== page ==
The U.S. stock market opened slightly higher on Tuesday, extending a modest rally as investors weighed a slate of corporate earnings. Drugmaker Johnson & Johnson's quarterly earnings rose and Coca-Cola's matched Wall Street's expectations.
KEEPING SCORE: The Standard & Poor's 500 index rose 9 points, or 0.5 percent, to 1,839 in the first half-hour of trading. The Dow Jones industrial average gained 61 points, or 0.4 percent, to 16,234. The Nasdaq added 23 points, or 0.6 percent, to 4,045.
The stock market is recovering ground lost last week when investors worried about overpriced technology stocks.
HEALTHY RESULTS: Johnson & Johnson's first-quarter profit rose 8 percent because of restrained costs and a jump in prescription drug sales. The world's biggest maker of health care products topped Wall Street expectations and raised its earnings outlook. Its stock rose $1.24, or 1.3 percent, to $98.43 in early trading.
COKE: Coca-Cola's first-quarter profit fell nearly 8 percent as the world's biggest beverage maker faced a stronger dollar and sold less soda, But the company sold more of its noncarbonated drinks worldwide and its earnings matched analysts' expectations. Coca-Cola rose $1.13, or 2.9 percent, to $39.85 in early trading.
INFLATION IN CHECK: Lower U.S. gasoline prices kept consumer inflation in check last month, helping offset higher costs for food and clothing. The Labor Department said that the consumer price index rose 0.2 percent in March, after scant 0.1 percent increases in each of the previous two months.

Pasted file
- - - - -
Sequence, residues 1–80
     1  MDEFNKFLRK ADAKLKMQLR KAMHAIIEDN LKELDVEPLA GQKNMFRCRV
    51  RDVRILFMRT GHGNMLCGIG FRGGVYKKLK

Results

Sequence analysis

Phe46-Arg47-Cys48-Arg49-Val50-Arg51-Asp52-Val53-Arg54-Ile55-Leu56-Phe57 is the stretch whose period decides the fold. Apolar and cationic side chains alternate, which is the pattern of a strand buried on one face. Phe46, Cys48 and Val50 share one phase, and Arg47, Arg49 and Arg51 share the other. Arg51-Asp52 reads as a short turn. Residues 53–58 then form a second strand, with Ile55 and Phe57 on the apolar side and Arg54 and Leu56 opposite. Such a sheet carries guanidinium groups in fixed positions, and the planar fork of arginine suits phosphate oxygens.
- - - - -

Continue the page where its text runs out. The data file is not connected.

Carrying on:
YELLEN SPEAKS: Federal Reserve Chair Janet Yellen says that recent initiatives by the central bank and other regulators to help lenders make it through periods of financial stress are important, but they may still need to be strengthened. Yellen's comments early Tuesday came in an address delivered by video to a financial markets conference sponsored by the Federal Reserve's regional bank in Atlanta.
OVERSEAS: Germany's DAX fell 0.3 percent while France's CAC-40 rose 0.3 percent. The FTSE 100 index of leading British shares was flat. In Asia, Hong Kong's Hang Seng fell 1.6 percent as a drop in China's money supply unnerved investors ahead of first quarter economic growth figures due Wednesday. China's Shanghai Composite Index shed 1.4 percent.
BONDS: In government bond trading, the yield on the 10-year Treasury note was unchanged at 2.65 percent.